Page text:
A massive e-waste landfill in Guiyu, in southern China's Guangdong province, is much more than a graveyard for old computers, says an investigative US writer based in Shanghai
Electronic waste can be highly toxic and needs to be disposed safely.
Adam Minter, author of the Shanghai Scrap blog, says he found boxes of defective but unused electronic components discarded at Guiyu - still in the original packaging from HP, Panasonic and Samsung.
But Samsung Electronics denies any involvement in discarding the equipment, and says the components were manufactured many years ago.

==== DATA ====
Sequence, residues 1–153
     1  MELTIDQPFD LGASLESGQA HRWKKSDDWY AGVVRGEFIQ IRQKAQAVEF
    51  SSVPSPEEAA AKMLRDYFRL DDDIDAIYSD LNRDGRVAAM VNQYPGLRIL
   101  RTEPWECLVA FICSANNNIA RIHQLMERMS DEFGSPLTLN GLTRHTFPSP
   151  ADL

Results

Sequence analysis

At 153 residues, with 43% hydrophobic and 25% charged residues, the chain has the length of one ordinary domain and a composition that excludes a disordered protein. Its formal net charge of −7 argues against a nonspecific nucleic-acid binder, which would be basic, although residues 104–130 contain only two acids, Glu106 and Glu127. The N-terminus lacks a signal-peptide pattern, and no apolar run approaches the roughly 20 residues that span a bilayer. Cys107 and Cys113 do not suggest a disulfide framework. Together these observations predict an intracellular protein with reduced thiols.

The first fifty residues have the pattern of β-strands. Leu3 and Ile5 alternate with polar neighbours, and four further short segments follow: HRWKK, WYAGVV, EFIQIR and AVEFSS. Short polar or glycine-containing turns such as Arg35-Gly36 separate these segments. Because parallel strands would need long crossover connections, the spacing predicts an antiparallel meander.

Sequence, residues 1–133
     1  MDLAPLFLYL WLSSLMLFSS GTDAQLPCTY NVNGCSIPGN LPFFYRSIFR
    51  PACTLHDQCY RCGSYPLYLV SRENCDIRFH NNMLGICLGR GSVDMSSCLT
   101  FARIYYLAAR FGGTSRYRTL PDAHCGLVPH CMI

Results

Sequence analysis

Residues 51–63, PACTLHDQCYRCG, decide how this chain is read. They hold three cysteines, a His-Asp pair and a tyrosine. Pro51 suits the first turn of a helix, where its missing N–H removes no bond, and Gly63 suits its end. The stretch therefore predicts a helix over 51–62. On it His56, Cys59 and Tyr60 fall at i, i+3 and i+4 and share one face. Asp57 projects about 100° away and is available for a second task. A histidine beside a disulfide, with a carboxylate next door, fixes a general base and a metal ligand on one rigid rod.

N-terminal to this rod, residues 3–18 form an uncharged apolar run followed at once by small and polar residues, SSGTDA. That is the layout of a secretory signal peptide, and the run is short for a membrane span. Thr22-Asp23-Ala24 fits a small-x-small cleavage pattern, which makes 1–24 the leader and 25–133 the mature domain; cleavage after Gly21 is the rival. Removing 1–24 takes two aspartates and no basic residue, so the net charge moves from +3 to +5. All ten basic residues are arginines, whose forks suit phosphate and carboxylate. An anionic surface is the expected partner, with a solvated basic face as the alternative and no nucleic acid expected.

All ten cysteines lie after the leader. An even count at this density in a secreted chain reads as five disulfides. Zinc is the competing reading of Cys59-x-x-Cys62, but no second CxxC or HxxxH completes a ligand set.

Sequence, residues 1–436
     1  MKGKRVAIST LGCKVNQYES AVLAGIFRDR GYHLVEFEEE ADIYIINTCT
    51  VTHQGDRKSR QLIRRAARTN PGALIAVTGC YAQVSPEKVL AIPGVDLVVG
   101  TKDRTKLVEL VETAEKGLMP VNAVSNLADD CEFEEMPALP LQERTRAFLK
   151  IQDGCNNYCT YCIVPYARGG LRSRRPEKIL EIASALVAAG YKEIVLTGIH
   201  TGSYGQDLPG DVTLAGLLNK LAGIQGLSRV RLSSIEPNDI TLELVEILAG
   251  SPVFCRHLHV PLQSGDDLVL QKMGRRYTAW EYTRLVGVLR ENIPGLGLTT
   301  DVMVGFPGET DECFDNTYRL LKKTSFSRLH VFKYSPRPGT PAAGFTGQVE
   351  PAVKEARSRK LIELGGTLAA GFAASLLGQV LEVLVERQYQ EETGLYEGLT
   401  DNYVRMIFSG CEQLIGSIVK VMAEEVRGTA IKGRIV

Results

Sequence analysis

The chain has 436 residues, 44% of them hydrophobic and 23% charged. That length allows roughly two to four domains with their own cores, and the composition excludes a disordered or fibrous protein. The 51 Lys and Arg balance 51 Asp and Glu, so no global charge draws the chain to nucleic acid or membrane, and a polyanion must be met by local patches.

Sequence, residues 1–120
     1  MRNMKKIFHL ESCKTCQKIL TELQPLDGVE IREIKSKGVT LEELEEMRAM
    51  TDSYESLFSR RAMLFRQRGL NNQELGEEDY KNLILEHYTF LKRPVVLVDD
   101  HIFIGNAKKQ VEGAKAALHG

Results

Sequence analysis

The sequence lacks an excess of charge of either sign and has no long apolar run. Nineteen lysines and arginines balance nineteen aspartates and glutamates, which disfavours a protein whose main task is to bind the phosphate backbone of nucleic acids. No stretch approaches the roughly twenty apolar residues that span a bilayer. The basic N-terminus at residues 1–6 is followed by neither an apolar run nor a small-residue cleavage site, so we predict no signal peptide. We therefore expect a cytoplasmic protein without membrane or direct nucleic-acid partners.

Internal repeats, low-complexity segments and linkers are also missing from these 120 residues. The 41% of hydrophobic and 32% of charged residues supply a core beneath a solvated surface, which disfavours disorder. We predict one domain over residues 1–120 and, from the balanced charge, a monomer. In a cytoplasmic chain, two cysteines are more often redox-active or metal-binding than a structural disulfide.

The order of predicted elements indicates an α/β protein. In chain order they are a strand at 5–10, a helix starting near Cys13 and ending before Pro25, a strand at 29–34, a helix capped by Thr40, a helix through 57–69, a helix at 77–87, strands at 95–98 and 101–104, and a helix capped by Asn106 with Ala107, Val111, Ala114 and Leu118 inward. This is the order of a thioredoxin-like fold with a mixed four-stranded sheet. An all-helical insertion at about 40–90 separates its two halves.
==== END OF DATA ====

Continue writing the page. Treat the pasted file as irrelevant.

HP and Panasonic did not comment on the specifics of the case.
Mr Minter himself says that most of the e-waste dumped in China does not come from the West as before, but from Asia and especially China itself.
The writer has highlighted the e-waste issue many times before, not only on his blog, but writing for publications like Bloomberg, the Wall Street Journal and Scientific American.
The town of Guiyu, made up of four small villages on the South China Sea coast, first made headlines in the early 2000s, as one of the places where old computers and gadgets from the western world were getting recycled.
A steady stream of used electronics started to arrive from about 1995 and made Guiyu one of the world's largest electronic waste sites. Read more: